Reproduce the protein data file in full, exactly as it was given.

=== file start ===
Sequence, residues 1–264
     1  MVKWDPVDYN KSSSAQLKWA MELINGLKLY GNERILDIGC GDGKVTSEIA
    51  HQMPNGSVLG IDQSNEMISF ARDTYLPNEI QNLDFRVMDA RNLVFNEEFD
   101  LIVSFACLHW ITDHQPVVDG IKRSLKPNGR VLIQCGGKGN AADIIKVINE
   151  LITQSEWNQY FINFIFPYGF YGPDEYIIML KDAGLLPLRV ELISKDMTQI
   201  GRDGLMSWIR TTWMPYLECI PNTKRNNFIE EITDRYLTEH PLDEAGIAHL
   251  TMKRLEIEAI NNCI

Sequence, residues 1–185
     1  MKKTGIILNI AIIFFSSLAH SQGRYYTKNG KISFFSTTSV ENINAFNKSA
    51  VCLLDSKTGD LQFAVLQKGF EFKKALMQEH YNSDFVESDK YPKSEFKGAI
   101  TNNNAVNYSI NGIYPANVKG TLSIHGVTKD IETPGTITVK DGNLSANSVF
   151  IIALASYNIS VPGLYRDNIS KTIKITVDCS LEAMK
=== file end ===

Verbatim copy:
Sequence, residues 1–264
     1  MVKWDPVDYN KSSSAQLKWA MELINGLKLY GNERILDIGC GDGKVTSEIA
    51  HQMPNGSVLG IDQSNEMISF ARDTYLPNEI QNLDFRVMDA RNLVFNEEFD
   101  LIVSFACLHW ITDHQPVVDG IKRSLKPNGR VLIQCGGKGN AADIIKVINE
   151  LITQSEWNQY FINFIFPYGF YGPDEYIIML KDAGLLPLRV ELISKDMTQI
   201  GRDGLMSWIR TTWMPYLECI PNTKRNNFIE EITDRYLTEH PLDEAGIAHL
   251  TMKRLEIEAI NNCI

Sequence, residues 1–185
     1  MKKTGIILNI AIIFFSSLAH SQGRYYTKNG KISFFSTTSV ENINAFNKSA
    51  VCLLDSKTGD LQFAVLQKGF EFKKALMQEH YNSDFVESDK YPKSEFKGAI
   101  TNNNAVNYSI NGIYPANVKG TLSIHGVTKD IETPGTITVK DGNLSANSVF
   151  IIALASYNIS VPGLYRDNIS KTIKITVDCS LEAMK